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View Poll Results: What would you pay to launch?
I wouldn't pay anything! 23 47.92%
Less then $40 18 37.50%
No more then $100 6 12.50%
Money is no object, just get me on the water! 1 2.08%
Multiple Choice Poll. Voters: 48. You may not vote on this poll

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Old     (2006maliblue)      Join Date: Mar 2009       06-28-2010, 12:20 PM Reply   
What would you pay to launch?

If you boat at a lake that has inspection facilities that look for Zebra and Quagga Mussels what would you pay to launch if your where failed and wanted to go boating for the day?

The reason I ask is I'm looking at buying a mobile decontamination station and offering boaters who fail inspection the option of having there vessel decontaminated and thus being allowed to boat the same day with only about an hour delay. Boaters who choose not to be decontaminated would face the standard 5-30 day ban on all county reservoirs. The cost for the service of course would depend on the size of the vessel and scope of area needing to be decontaminated. But we estimate the average boater would have to pay somewhere between 25-85 dollars.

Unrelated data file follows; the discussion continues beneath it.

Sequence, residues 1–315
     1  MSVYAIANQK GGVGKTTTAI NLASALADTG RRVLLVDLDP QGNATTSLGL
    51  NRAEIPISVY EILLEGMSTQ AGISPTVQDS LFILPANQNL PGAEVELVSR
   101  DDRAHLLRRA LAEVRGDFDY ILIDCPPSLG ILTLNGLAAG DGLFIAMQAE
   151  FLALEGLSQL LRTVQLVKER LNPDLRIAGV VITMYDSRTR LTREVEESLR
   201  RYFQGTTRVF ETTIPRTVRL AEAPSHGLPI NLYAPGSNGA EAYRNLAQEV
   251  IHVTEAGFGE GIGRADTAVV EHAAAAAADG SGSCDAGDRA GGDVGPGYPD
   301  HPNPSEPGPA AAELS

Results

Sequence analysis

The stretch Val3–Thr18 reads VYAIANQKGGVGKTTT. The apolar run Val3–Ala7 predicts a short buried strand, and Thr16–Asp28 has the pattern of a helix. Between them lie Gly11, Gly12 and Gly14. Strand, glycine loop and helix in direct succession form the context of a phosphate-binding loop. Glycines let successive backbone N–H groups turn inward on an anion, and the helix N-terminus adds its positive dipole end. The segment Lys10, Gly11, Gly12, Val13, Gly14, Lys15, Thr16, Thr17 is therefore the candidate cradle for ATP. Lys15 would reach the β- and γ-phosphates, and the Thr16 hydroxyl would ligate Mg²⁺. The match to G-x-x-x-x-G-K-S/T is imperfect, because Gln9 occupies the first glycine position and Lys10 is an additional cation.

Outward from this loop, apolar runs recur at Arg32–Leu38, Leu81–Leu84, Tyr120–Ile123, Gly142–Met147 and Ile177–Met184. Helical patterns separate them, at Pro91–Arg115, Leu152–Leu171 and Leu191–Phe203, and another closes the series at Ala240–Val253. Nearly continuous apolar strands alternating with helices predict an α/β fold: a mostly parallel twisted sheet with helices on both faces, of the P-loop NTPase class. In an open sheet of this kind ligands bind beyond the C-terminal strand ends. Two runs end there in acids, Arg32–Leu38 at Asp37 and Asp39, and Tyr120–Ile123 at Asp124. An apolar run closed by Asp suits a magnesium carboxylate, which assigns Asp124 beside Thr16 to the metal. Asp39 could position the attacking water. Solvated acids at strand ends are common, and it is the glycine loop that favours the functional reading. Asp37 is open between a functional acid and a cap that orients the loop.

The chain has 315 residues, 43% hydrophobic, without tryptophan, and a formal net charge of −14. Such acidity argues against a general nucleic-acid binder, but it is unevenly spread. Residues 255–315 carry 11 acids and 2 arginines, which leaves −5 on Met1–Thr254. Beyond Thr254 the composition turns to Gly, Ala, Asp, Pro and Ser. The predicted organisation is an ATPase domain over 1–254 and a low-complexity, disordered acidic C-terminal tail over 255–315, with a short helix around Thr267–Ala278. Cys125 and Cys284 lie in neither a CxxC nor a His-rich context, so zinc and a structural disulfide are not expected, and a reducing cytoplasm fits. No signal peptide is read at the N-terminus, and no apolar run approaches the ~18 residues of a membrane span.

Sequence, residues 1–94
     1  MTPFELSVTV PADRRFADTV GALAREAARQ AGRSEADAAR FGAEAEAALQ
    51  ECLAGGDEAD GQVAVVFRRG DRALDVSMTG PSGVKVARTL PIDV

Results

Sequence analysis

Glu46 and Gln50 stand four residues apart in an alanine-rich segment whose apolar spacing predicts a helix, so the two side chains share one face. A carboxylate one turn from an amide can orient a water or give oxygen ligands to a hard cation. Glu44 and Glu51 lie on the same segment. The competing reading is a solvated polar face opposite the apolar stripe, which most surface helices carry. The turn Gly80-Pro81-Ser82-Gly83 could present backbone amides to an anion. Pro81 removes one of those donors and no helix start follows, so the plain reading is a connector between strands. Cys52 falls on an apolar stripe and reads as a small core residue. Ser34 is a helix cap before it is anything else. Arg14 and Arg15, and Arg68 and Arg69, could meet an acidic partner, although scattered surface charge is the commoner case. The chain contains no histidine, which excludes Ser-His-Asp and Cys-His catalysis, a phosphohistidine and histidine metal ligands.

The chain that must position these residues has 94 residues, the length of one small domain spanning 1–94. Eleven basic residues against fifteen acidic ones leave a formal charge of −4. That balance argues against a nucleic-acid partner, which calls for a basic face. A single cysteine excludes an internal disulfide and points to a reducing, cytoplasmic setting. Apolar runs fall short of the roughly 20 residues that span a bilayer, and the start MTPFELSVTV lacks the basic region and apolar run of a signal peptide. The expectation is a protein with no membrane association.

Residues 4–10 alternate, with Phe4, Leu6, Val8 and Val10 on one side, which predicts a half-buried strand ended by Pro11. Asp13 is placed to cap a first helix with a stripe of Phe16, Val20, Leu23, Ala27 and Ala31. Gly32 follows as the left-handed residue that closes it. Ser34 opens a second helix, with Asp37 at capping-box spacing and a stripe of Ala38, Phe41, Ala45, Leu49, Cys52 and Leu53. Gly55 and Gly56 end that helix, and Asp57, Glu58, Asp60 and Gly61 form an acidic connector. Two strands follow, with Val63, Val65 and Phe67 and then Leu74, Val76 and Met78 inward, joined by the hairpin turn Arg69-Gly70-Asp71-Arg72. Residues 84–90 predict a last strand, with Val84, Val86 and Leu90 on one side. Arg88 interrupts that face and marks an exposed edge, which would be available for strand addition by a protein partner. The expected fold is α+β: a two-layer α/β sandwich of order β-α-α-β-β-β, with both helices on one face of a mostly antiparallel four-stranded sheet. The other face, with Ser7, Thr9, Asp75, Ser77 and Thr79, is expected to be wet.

Is this too much money to spend to guarantty a day on the water? What are your thoughts? Also the county may open up the reservoirs to boaters from out of state and high risk areas in the state if they go through the decontamination procedure.
Old     (behindtheboat)      Join Date: Aug 2006       06-28-2010, 12:46 PM Reply   
I want in on your mobile decontamination idea at least!
Old     (Sly_Park_Mark)      Join Date: Mar 2010       06-28-2010, 7:58 PM Reply   
I suppose it depends on how long I had driven to the lake and how long I was staying there. If it was my home lake, I'd just go back home and wait a few days. But if I had driven a long way to spend a week long vacation on the lake, the service would obviously be worth a lot more to me, as much as $100.